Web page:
Stone steps washed with waves and selkie songs glitter in the late summer gloaming. Roaring tides sweep in from all sides to batter the shore with ageless determination, steadily devouring the remnants of cairn-raisers, Picts, Norse, and crofters with equal indifference. The west wind catches a string of hanging seashells put up by this season’s crew of archaeologists, filling the ruinous, long-silent halls with the music of the sea. Here, along the shores of the Eynhallow Sound in Orkney, eras and elements build into an unforgettable chorus. Join Digital Media Content Producer David C. Weinczok on a journey along the shores of Orkney’s Eynhallow Sound.
Rousay and the Westness Walk
Along the one and a half-mile shorescape known as the Westness Walk on the island of Rousay, time is anything but linear. Treading this sliver from one end to the other, you are hurtled through more than 5,000 years of settlements. Periods of history tidily divided from each other on paper crumble into and rise out from each other.
At Swandro, which loses a little of itself to the sea every year, Iron Age buildings are topped by a Pictish smithy and surrounded by the intermingled ruins of Norse halls, late medieval farmhouses, and cleared nineteenth century crofts.
The historical knot becomes even harder to untangle since almost everything was built from Rousay flagstone. Slabs of this extremely durable, multi-purpose stone are ready to use once pried with relative ease from their source. They proved just as useful to the people whose bones filled the stalls of Midhowe Cairn in 3,500 BC as it was for the tenant farmers who built their homes on the overlooking slopes less than two centuries ago.
A fertile strip wraps round Rousay, giving way quickly to steep slopes leading to an upland zone of heather and protruding stone. On Rousay’s southern shore the coastline is dotted at almost regular intervals with the grass-covered remains of brochs. At least thirteen of these Iron Age stone towers once lined the Eynhallow Sound, a daunting prospect for any hostile vessels and a potent expression of power for all to behold. The grandest of these ruins is Midhowe Broch at the western terminus of the Westness Walk.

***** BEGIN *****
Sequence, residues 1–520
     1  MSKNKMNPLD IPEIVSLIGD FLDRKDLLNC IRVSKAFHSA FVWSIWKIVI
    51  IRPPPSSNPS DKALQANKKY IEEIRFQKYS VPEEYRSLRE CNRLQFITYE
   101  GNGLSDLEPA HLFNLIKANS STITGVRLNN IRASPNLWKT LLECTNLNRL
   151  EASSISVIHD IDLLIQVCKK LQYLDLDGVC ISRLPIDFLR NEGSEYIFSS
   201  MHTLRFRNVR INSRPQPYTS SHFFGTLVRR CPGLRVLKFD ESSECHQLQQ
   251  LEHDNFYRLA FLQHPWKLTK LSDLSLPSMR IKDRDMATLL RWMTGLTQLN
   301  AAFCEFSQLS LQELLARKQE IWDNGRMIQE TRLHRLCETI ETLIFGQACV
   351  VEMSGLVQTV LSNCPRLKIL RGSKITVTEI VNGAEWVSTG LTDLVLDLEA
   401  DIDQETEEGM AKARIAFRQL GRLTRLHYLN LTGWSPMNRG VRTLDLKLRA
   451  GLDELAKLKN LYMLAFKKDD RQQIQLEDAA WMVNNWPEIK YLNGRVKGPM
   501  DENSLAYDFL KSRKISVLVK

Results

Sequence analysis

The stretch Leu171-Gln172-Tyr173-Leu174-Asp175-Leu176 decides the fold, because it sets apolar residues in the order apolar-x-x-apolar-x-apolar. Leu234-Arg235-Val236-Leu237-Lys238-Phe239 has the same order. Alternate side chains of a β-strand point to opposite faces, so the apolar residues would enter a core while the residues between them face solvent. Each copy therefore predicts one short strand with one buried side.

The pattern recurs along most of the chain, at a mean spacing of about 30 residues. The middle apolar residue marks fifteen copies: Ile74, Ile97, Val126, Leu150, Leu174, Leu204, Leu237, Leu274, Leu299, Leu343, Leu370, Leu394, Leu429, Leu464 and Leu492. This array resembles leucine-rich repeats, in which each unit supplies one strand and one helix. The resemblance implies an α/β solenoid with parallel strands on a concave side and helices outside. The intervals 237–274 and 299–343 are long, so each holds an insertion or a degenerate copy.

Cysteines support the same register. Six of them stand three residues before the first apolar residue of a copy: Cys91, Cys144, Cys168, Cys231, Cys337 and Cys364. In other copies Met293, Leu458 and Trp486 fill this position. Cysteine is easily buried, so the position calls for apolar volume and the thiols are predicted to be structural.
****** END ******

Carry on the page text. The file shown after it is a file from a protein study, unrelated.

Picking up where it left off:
In a similar string, along the very line where lowland gives way to upland (though this divide reflects modern land use) are a succession of chambered cairns with enticing names – Blackhammer, Taversoe Tuick, and the Knowe of Yarso to name a few. Explore a 3D model of the Knowe of Yarso from the University of the Highlands and Islands Archaeology Institute on Sketchfab here.
Midhowe Chambered Cairn is one exception to this neat arrangement, being located on the shoreline next to Midhowe Broch. It was built around 3,500 BC, meaning that more time passed between its construction and the building of Midhowe Broch than between the broch and us today. Many of the brochs and cairns were excavated in the early through mid-20th century by James Petrie and Walter Grant, yielding a huge array of finds including human remains, pottery, animal bones of possible totemic significance, and Neolithic stone axeheads.
Bronze and iron were worked at Midhowe Broch, which – like the Broch of Gurness within view across the Eynhallow Sound – had a village surrounding the broch tower. These were not the ‘remote’ or ‘simple’ places that modern writers too often describe such places as, but sophisticated and productive centres home to imaginative, resourceful, and well-connected communities.
Though little can be said with certainty about the appearance and beliefs of Rousay’s broch dwellers, one remarkable survivor from elsewhere in Orkney gives us a rare glimpse – the Orkney Hood. It is the only complete piece of clothing to survive from before the medieval period in Scotland. Learn its story in the video below.